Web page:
Wednesday, December 16, 2009

Controlling Health Care Costs

This is a letter I wrote to Public Citizen recently. Public Citizen has been pushing for a single payer system as a far more efficient way to take care of our health care needs:

Dear Public Citizen,

I agree that a single payer health care system makes a great deal more sense than preserving the profits of the health insurance and drug industries, but whatever the system, we will never get health care costs under control until we break the control that the drug industry has on our medical education system. The teaching of nutrition as a healing art has been deliberately removed from the education of our health professionals, thanks to an accreditation system that focuses on diagnosis and drug treatment. Yet a truly well nourished body that is free of toxins has a remarkable ability to heal itself.

There are a growing number of doctors who are learning to guide their patients toward healing with nutrition, herbs and supplements and detoxification (see list below), freeing them of the poor health and financial burden of chronic disease, though they must pay for these therapies, which are rarely covered by insurance. Unfortunately these doctors are often attacked by medical boards and blackballed by their fellow professionals because health professionals are taught to view these therapies with great skepticism (Trust Us, We're Experts!).

I reviewed my nutrition textbooks and found that each has a section on 'food fallacies.' I was appalled at the mis-information in those chapters - so even dietitians have been brainwashed in these matters. Even worse, some of the common dietary advice given is based on poor and misinterpreted science, such as the advice to avoid saturated fats and cholesterol, which the food industry has exploited to convince the public to use unsaturated vegetable oils that we now realize contribute to inflammation, an underlying cause of many health problems (The Oiling of America).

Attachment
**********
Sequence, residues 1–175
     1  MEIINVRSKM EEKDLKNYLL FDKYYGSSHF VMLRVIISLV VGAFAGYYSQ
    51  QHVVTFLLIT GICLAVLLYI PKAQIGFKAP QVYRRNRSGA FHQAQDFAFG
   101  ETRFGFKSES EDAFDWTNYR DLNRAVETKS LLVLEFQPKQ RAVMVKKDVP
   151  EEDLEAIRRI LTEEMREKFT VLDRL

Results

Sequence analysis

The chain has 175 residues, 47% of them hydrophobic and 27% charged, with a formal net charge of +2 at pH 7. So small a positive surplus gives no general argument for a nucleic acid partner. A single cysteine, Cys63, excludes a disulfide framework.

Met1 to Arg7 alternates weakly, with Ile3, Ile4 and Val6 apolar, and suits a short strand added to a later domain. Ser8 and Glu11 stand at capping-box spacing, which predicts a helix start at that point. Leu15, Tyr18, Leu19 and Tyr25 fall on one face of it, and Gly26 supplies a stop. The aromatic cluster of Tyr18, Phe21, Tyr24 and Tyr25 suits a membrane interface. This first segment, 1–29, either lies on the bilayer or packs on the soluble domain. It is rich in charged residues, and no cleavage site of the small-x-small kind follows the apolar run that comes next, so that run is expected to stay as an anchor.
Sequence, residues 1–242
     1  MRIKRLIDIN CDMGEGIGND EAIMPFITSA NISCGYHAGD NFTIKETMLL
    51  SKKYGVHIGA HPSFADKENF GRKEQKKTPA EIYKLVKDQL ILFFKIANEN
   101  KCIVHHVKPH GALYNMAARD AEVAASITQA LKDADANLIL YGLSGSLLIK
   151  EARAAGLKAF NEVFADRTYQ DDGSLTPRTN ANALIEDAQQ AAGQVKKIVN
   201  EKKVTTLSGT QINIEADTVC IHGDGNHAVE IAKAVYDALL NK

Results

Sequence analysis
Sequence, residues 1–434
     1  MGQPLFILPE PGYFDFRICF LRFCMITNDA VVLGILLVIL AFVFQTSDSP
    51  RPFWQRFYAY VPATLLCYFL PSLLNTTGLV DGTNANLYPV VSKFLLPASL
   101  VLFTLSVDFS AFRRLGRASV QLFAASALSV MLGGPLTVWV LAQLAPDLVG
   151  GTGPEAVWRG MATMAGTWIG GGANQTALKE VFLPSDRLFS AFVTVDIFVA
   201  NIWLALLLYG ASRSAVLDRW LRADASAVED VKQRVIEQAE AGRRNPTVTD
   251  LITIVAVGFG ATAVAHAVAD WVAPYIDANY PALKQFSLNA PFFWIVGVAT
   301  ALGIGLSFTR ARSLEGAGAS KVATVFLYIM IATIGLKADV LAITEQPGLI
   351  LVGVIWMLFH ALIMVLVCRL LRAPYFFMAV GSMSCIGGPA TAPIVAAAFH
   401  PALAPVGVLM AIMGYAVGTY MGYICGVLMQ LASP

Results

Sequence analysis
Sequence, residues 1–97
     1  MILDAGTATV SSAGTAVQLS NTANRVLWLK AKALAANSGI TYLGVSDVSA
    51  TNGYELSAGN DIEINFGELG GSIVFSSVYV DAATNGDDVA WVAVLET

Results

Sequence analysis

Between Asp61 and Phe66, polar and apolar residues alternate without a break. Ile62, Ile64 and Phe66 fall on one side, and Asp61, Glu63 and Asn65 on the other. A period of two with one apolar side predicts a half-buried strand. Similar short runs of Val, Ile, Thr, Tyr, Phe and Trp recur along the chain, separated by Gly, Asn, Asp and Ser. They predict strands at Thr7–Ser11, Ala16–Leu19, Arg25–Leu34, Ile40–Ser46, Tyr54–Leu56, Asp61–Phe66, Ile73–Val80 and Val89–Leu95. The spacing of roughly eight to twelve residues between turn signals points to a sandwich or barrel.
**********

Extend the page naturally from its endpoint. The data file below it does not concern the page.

These problems are complex, as they involve not only the drug industry, but also the food and agriculture industries that supply us with poor quality, over-processed foods that contribute to poor health (and damage the environment in the process). But we will never solve these problems if we do not understand them. I urge Public Citizen to become acquainted with these issues, as they are all intertwined - health care reform, organic farmers producing quality food and carbon sequestration, advertising of unhealthy products, even Wall Street money-makers. There are many links to useful information and commentary on my website.

Kris Johnson, retired dietitian

American Holistic Medical Association

International College of Integrative Medicine

The Institute for Functional Medicine

Thursday, December 10, 2009

Fat be not proud

It seems like there are item daily in the newspaper that I'd like to respond to. Here's a recent letter to The Blade responding to a Blade editorial called 'Fat be not proud' (4th letter down the page)

While it's true that obesity is a major and growing health problem in our country, Congress and industry certainly need to share the blame. Agricultural subsidies support the growing of far too much wheat, corn and soybeans than we need, while our food industry turns them into the heavily advertised processed foods that line our grocery store shelves, foods that are stripped of essential vitamins and mineral that contribute to good health and laced with processed vegetable oils that undermine our health. Then our health authorities have provoked fat phobia, telling us to eat less fat and cholesterol, more fiber, and exercise more - none of which has proved particularly effective for successful weight loss. In Good Calorie, Bad Calories, Gary Taubes traces the research showing that the carb foods we're advised to eat are the very foods that contribute to weight gain, diabetes, and all the associated health problems. Cutting calories by trying to eat a low fat diet while avoiding high carb foods leaves you hungry and unhappy. My advice - avoid processed foods, limit carbs, overcome your fat phobia, eat natural whole foods, including meat, butter and eggs from pasture raised animals - the foods our ancestors ate without being plagued by diabetes, heart disease and cancer. Let's put our unemployed back to work doing the wonderfully satisfying job of raising high quality fruits, vegetables, grains and pastured animals on well managed organic farms that can be very bit as productive as our present commercial agriculture, while supporting, rather than undermining our health, our communities and the environment.

Kris Johnson, retired dietitian

There's more on my Website if you want to pursue these issues:

Carb Issues

Planning Healthy Meals

Justice and Agriculture Issues